Autism/Autism Spectrum Disorder

Autism spectrum disorder is a developmental impairment which affects communication, behavior, and interpersonal interaction. Research is still being done to learn more about this condition, but causes can be both hereditary and environmental. Risk factors include the age of a child’s parents, if the child came to term before birth and the sex of the baby. If you believe your child may have autism spectrum disorder, keep reading to learn more about this condition.


Autism spectrum disorder includes several conditions which were previously separated. These include Asperger’s syndrome, autism, childhood disintegrative disorder and an unspecified type of pervasive developmental disorder. Autism spectrum disorder, or ASD, commences early in childhood and results in difficulty functioning in society, for example, at work, in school and socially.


Signs of autism spectrum disorder vary greatly and include:

  • Little to no eye contact

  • Resistance to change

  • Difficulties socializing

  • Over-sensitivity or under-sensitivity to sensations

  • Preference for solitary activities

  • Unusual play or purposeless, repetitive behaviors

  • Obsessive attachment to objects

  • Repetition of phrases or words when speaking


Due to either enhanced detection and reporting, an actual increase in the number of cases of autism or both, the number of children diagnosed with ASD is rising. Factors which increase the risk of autism spectrum disorder in a child include sex, the ages of parents, preterm birth, family history, and other disorders.


Boys are approximately four times as likely as girls to be diagnosed with autism.

Parents’ Ages

The older the parents of a child are, the greater the likelihood he or she will be diagnosed with autism.

Pre-term Birth

Extreme preterm birth, or birth that occurs fewer than 26 weeks into gestation, is one of the largest risk factors of a child being diagnosed with autism.

Family History and Other Disorders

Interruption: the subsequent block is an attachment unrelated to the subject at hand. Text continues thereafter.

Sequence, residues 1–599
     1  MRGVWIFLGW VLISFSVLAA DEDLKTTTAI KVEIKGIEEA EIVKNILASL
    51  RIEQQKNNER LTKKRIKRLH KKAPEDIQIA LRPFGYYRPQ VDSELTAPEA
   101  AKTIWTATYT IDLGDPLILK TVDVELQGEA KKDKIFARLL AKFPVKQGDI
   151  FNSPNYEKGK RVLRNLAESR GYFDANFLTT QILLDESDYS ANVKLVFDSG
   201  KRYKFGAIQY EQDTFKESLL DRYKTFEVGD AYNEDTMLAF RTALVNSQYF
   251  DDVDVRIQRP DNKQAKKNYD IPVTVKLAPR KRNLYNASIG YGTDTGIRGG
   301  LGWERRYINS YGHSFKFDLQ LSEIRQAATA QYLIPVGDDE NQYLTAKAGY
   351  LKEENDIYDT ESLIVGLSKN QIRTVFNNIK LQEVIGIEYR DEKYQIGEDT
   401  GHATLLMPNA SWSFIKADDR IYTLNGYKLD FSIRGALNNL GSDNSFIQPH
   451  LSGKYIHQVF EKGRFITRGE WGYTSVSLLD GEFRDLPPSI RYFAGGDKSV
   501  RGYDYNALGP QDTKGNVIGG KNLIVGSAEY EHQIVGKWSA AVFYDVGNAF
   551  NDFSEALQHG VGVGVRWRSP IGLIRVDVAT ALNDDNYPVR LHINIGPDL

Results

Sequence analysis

Parents who have one child diagnosed with autism spectrum disorder are significantly more likely to have another child diagnosed with the same condition. It is also common for the relatives or parents of a child with ASD to have slight issues with social or communication skills. They also may engage in some behaviors which are indicative of the disorder.


There is no single known cause associated with autism or autism spectrum disorder. The complexity of the disorder, in combination with the fact that both the symptoms and the severity of the condition vary, lends itself to the idea that there are probably several causes. In fact, both genetics and environment may play a role.


There are a number of genes which appear to have an affect on autism spectrum disorder. For example, fragile X or Rett syndrome are known to increase the risk of a child having autism. Furthermore, genes affecting the intercellular communication in the brain and brain development can affect the severity of the autism. Mutations also play a role in autism spectrum disorder.

Environmental Factors

There is not currently enough research to say one way or another that environmental factors cause autism. However, experts are researching environmental factors including air pollutants, complications or particular medications taken during pregnancy, or viral infections can increase the risk of an autism spectrum disorder diagnosis.


The Centers for Disease Control and Prevention (CDC) notes that if a child is diagnosed by three years old and receives early intervention treatment, he or she can enjoy a relatively normal life. Treatment options include medication, diet, teaching critical communication skills, and sensory integration therapy. Schedule a consultation with a speech therapist, occupational therapist, or psychiatrist to see what he or she can do for your child if your child has been diagnosed with autism spectrum disorder.


For more information on autism spectrum disorder, autism, or any of our other services, please call 800-Novomed (800-6686633) today. We are here to help. Our Psychiatry and Neurology’s Child Assessment and Rehab department includes psychologists, psychiatrists, occupational and speech therapists, paediatricians, physiotherapists and case managers.